Carp Feeding Behaviours Unveiled

This blog will enlighten you on the essential facts about carp feeding behaviours, particularly during winter. We will discuss the debate on what carp bait to use and whether carp feed in winter with scientific evidence.

Carp Eating Facts You Should Know

Carp navigate their underwater world using strong taste and smell senses. Researchers at the State Fish Laboratory at Livingston Manortested and observed the reactions of carp to 115 flavours and many types of food. In the experiment, carp showed a remarkable ability to detect oils and most water-soluble spices, but they didn’t bat an eye at alcohol and salt. These underwater munchers use special teeth and head bones to crush and munch on a variety of foods. It’s like they have taste buds in their throats, making them open to a colourful feast, as long as it’s chewable. Even blind carp don’t miss out on the foodie fun. They can still snag speedy snacks using touch and suction, showing off their adaptable feeding skills. 

However, studies also suggest that carp have different sensory preferences throughout various seasons. Each carp could have its own quirks, adding a touch of individuality to their feeding habits.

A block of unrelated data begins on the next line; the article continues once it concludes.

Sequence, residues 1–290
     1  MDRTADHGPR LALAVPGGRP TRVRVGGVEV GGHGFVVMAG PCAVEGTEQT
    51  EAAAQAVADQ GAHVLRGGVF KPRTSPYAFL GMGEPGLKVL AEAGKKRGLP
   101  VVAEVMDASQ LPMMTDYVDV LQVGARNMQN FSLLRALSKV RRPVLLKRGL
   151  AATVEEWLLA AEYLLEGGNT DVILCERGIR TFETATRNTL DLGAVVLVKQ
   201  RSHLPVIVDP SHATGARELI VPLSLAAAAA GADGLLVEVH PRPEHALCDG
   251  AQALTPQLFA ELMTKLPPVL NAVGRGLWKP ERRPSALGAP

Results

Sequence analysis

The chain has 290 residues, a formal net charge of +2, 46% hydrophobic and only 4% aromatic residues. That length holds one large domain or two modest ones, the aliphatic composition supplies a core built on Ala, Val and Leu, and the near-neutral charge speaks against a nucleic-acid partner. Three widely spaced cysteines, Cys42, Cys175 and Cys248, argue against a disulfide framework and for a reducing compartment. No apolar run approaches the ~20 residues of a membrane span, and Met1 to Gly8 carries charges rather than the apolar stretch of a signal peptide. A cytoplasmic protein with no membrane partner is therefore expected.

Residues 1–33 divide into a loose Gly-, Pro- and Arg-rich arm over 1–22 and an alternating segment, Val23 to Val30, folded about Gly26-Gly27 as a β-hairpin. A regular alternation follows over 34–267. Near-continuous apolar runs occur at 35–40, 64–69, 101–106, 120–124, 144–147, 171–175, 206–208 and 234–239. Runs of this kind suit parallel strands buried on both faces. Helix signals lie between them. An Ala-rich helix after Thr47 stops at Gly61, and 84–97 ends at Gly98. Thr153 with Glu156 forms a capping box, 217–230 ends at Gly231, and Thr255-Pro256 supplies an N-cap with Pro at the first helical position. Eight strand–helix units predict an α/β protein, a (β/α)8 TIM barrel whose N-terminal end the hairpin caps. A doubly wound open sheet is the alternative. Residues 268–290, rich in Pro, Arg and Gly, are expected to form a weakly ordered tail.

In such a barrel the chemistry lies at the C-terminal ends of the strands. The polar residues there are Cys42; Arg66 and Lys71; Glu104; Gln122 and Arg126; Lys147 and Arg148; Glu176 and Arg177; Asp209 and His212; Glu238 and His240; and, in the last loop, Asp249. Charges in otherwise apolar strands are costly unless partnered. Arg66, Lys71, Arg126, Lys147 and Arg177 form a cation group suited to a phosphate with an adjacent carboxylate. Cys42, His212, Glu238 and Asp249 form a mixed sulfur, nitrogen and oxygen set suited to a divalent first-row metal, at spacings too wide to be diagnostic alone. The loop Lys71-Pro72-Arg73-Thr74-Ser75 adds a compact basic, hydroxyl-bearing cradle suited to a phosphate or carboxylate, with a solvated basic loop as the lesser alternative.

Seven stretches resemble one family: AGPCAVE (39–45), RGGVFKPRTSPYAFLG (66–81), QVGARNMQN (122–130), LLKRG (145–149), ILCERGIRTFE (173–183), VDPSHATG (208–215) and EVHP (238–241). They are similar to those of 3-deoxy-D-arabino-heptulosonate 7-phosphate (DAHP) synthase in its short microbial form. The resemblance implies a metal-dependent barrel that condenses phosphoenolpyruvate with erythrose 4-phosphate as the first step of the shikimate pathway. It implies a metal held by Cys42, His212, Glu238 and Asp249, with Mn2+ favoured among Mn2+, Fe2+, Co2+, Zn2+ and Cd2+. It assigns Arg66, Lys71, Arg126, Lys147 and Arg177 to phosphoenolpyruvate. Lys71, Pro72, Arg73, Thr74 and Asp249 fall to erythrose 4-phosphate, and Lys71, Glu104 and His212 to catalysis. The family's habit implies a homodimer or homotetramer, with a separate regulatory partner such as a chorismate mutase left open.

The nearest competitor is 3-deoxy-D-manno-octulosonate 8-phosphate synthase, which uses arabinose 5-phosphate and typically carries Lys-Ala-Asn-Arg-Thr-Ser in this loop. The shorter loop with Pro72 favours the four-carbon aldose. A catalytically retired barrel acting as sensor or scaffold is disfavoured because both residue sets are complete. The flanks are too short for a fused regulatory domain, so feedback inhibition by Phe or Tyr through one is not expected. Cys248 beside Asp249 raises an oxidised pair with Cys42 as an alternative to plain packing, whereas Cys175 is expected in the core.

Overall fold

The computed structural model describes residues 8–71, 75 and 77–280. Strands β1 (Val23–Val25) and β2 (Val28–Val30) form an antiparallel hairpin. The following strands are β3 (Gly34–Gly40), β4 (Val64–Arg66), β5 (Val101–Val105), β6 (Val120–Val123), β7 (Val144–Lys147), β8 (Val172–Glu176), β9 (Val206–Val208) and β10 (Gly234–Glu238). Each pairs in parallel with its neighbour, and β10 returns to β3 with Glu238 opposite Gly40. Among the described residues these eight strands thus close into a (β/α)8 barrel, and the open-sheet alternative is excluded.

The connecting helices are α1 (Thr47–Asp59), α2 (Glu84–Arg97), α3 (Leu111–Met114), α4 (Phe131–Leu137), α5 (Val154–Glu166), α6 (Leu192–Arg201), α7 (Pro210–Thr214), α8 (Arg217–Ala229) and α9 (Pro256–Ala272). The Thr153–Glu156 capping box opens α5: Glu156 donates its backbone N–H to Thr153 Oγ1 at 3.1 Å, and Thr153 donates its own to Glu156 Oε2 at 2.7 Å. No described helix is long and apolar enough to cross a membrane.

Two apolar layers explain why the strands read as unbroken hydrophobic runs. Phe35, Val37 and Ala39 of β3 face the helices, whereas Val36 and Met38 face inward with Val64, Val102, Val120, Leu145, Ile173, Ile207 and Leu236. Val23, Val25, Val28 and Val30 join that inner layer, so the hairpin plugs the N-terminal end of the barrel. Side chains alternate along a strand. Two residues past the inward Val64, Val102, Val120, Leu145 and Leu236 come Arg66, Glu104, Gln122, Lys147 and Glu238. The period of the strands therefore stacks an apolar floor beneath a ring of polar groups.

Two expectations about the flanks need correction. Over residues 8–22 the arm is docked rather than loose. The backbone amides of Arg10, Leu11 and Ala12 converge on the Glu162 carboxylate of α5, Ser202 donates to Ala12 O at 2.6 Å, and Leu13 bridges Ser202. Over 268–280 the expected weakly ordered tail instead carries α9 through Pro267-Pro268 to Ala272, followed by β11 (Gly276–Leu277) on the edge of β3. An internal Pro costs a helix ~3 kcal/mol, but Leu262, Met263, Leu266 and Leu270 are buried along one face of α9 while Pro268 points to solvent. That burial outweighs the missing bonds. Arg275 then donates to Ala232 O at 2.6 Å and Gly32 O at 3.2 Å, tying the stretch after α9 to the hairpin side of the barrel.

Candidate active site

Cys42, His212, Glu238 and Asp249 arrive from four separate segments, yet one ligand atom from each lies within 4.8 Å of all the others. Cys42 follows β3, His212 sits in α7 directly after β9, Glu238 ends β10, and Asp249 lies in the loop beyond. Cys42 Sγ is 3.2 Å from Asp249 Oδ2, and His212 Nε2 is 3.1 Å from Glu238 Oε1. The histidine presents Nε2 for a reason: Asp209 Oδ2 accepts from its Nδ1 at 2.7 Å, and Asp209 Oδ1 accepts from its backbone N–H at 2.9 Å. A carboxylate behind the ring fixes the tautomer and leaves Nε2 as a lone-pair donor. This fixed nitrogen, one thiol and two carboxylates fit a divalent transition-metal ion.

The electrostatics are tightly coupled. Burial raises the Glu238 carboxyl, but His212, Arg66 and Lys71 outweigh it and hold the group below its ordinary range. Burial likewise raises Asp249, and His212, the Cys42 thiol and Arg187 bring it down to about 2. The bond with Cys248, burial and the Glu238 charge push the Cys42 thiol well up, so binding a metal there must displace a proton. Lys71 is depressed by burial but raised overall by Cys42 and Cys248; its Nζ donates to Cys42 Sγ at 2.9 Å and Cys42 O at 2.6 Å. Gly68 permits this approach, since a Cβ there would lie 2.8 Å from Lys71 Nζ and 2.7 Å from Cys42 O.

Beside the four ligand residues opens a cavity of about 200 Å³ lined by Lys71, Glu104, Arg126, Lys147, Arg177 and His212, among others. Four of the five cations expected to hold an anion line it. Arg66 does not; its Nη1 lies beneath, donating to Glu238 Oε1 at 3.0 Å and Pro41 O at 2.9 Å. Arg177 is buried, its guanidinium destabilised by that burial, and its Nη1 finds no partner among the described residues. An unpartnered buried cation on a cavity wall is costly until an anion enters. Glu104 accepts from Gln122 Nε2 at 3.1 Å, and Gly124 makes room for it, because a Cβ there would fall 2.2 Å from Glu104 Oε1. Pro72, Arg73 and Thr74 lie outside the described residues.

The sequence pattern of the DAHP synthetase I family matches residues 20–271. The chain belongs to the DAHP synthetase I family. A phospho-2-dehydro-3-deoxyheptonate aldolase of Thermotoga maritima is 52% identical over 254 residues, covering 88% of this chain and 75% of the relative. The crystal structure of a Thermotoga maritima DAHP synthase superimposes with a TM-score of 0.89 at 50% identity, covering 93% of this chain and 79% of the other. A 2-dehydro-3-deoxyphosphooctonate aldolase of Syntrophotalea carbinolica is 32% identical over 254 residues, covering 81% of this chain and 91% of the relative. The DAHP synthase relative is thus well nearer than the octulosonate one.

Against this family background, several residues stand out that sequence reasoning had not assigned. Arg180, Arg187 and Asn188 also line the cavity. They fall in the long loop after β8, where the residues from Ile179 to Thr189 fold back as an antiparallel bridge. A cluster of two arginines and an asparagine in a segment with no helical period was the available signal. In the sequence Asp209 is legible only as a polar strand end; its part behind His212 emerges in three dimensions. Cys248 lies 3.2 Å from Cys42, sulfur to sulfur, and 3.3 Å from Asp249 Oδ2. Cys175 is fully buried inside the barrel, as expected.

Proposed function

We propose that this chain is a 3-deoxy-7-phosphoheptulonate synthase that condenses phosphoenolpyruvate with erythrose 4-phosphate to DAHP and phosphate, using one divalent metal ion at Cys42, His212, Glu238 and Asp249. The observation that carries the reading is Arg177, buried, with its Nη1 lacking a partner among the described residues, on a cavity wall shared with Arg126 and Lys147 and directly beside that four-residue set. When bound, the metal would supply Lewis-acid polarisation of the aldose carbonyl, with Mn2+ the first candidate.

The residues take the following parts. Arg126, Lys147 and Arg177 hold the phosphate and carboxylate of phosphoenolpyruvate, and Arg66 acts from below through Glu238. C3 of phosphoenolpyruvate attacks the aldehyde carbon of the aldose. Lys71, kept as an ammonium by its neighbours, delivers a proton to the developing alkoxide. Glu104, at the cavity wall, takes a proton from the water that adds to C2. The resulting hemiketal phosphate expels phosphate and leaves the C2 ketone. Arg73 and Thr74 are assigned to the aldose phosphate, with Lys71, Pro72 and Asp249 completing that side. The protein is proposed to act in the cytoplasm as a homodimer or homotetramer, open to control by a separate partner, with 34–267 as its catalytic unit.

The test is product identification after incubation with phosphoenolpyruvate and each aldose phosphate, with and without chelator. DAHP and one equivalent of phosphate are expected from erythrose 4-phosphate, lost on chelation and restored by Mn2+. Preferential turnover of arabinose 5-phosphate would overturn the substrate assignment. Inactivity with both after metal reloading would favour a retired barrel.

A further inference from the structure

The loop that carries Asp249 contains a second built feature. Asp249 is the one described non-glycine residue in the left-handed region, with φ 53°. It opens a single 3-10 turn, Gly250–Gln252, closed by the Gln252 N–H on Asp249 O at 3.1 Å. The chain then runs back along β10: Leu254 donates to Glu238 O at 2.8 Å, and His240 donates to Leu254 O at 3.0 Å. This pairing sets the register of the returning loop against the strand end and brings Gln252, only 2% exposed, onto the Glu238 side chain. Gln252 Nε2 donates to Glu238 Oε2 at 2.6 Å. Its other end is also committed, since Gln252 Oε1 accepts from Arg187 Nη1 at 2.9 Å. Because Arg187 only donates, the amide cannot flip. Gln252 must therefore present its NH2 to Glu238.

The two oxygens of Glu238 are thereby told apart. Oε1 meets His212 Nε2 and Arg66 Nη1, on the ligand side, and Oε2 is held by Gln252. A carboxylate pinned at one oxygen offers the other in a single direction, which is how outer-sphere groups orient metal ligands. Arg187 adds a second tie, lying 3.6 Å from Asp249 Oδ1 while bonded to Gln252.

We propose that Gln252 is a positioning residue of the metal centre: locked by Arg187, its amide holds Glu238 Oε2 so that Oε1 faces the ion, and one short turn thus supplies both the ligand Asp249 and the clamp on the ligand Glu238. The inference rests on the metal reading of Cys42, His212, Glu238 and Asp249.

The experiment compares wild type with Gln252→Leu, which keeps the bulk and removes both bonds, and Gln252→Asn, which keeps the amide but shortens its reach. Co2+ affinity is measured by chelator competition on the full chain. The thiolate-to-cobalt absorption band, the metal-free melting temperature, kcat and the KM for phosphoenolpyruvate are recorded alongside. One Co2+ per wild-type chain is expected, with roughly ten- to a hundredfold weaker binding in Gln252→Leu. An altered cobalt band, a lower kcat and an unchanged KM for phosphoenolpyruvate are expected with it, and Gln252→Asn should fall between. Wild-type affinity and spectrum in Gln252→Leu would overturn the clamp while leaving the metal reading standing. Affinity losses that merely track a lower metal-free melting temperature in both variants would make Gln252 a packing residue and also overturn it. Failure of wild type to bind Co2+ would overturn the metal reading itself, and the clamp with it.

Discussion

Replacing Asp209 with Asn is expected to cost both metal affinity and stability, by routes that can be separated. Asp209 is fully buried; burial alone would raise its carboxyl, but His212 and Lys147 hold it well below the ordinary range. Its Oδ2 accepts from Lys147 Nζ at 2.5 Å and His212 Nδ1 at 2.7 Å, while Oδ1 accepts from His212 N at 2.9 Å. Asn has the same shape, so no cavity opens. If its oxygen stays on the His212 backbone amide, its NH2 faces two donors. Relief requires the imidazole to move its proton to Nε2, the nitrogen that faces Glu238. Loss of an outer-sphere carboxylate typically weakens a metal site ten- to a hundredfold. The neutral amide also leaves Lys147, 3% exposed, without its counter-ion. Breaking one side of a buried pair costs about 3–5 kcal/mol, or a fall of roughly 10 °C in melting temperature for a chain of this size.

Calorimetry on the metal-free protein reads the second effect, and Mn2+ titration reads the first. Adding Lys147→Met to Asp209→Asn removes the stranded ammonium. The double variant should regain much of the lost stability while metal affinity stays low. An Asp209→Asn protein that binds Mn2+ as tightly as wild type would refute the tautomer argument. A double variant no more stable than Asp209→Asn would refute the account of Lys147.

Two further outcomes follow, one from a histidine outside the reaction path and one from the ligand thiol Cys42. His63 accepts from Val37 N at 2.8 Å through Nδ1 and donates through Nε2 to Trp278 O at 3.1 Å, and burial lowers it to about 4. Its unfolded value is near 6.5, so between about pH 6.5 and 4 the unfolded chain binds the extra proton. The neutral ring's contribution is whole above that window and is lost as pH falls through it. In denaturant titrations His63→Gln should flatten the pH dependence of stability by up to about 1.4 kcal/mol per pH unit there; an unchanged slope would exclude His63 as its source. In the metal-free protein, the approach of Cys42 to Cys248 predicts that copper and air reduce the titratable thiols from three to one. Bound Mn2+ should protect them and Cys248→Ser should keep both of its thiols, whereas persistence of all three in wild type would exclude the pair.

Winter Bait Debate: Live Bait or Boilies?

The age-old debate among anglers continues: Should we use live bait or opt for the silent allure of boilies and pellets during the winter months?

In the wild, carp easily find carb-loaded goodies like plants and seeds during the summer. However, when winter hits, these food sources dwindle, making carp more likely to crave protein-rich snacks like worms (which boast a whopping 80% protein content). Despite a significant metabolic slowdown in winter, carp avoid going overboard on protein. Their adaptive behaviour kicks in, guiding them to take a snack break when temperatures plummet to extreme lows.

Carp Can Still Be Active in Winter!

Many anglers believe carp stay inactive in winter as they do while some are curious about the necessity of winter fishing.

Scientists, however, took a closer look at this assumption at a fish farm in Central Europe. Using implanted radio frequency telemetry devices, they tracked the activities of 14 carp over three consecutive winters in a single pond. Contrary to popular belief, the research unearthed a different reality – carp remain relatively active during winter, and their activity levels are positively correlated with water temperature. Surprisingly, the study identified feeding behaviour in carp even when the water temperature hit as low as 3.1℃.

These findings challenge the traditional notion of carp being lethargic in winter and open up new possibilities for anglers keen on trying their luck during the colder months. Hit the bank fellow anglers you still have the chance to hear the buzzers scream in winter!

Stay tuned as we delve deeper into the secrets of winter carp behaviour, debunking myths and offering insights for successful cold-weather angling!


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